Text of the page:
3. It is within the organization that most providers utilize their talents and find self-expression in service to others.
As health care is predominantly "knowledge work," it is here that the highest human capabilities are engaged in discovery and co-creation. Good physician executives enlist others in the major challenges that constitute the "strategic agenda" for their term of leadership. They accept constructive criticism, build consensus around problem definition and solutions, and help others discover and utilize their talents. By avoiding autocratic leadership, they enable colleagues to express their unique gifts.
4. It is within the organization that stewardship of resources is practiced.
Health care organizations control the resources critical to serving patient needs, so attention to quality and cost is key. Stewardship is important to not only make services more accessible, but to assure resources are sustainable for future generations.
5. Organizations are the principal determinants in wealth distribution among the workforce.
For many health care workers, salaries, wages, and fees are determined within their organizational context. Properly ordered, the reward system can motivate the virtue of enterprise, offer enhanced individual dignity, reduce envy, and provide economic freedom for creative expression. However, these outcomes are not automatic and the "hidden hand of the market" is not perfect.
The physician leader must assure justice within reward systems and be a voice for those who do not share fairly. Attention must be given to those economically marginalized by an absence of economic power.
Andre L. Delbecq, DBA, is the Thomas J. and Kathleen L. McCarthy Professor at the Leavey School of Business at Santa Clara University in California. He offers seminars in spirituality for organizational leadership through the MBA program and the Center for Executive Development at Santa Clara University, as well as onsite programs. He teaches managing change and innovation in medical organizations for the American College of Physician Executives. He can be reached by calling 510/769-8730 or via email at email@example.com.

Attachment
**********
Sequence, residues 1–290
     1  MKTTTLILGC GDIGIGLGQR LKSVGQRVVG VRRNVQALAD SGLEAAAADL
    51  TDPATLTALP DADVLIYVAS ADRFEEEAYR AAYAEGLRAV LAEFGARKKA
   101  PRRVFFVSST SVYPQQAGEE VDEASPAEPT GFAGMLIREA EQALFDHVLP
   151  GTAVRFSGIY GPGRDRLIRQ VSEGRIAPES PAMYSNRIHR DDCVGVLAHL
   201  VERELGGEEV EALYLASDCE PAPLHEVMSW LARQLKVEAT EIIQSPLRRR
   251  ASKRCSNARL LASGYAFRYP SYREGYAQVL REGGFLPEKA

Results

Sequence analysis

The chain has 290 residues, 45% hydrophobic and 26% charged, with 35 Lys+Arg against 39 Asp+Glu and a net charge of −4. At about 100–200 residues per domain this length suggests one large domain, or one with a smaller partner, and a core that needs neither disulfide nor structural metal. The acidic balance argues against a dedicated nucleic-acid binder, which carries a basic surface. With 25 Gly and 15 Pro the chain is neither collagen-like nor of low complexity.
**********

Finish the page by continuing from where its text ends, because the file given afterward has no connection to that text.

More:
* St. Ignatius of Loyola, Founder of the Society of Jesus (1491-1556). Besides founding the Jesuits. one of his great contributions was his Spiritual Exercises, a series of guided meditations designed to facilitate "discernment" in the direction for one's life.
Andre's Recommended Readings
The Call of the Disciple
Fischer, George and Hastschka, Martin
Mahwah, New Jersey, Paulist Press, 1999
A thorough but readable review of the "Calling Stories" in both the Old and New Testaments by two scripture scholars who have wide experience as spiritual directors.
Converting 9 to 5: Bringing Spirituality to Your Daily Work
Houghey, S. J., John
New York, New York: Crossroads, 1994
A careful discussion of the relationship between work and leadership written in an inviting manner for executives.
Theology and Spirituality: Strangers, Rivals, or Partners?
Schneiders, Sandra M.
Horizons 13(2), 1986, p. 253 - 274
Considered one of the most carefully constructed definitional essays setting forth the nature of spirituality as a branch of theology and its relationship to modem life.
A Spiritual Audit of Corporate America: Multiple Designs for Fostering Spirituality in the Workplace, Part 1
Mitroff Ian I. and Denton, Elizabeth A.
San Francisco, California: Jossey-Bass, 1999
This empirical study of executives finds that organizational leaders yearn to integrate their deepest inner desires with their day-to-day professional role.
The Physician Leader's Primary Challenge
The physician leader's primary challenge is to transform the organization into an "oasis of goodness," modeling not only the best health care practices, but fostering a healthy work environment through the creation of:
* Empowering structures in which all employees reach toward personal potential
* Decision and governance processes that are inclusive and just
* Processes to facilitate change management and entrepreneurship that allow for creative expression
* Just and inclusive gain reward systems
* Models of sustainable development and environmental support
* High quality and cost performance
The physician executive "called" to leadership will not find spirituality to be separate from organizational challenges. Rather, he or she will grow spiritually precisely through a discerning and reflective struggle with these professional challenges.
Andre L. Delbecq DBA
Christine Leigh-Taylor, MS, has a graduate degree in organizational behavior and is the former Assistant Dean of Administration at the Walter Haas School of Business at the University of California, Berkeley. She can be reached by calling 707/937-2158.
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|Date:||Mar 1, 2000|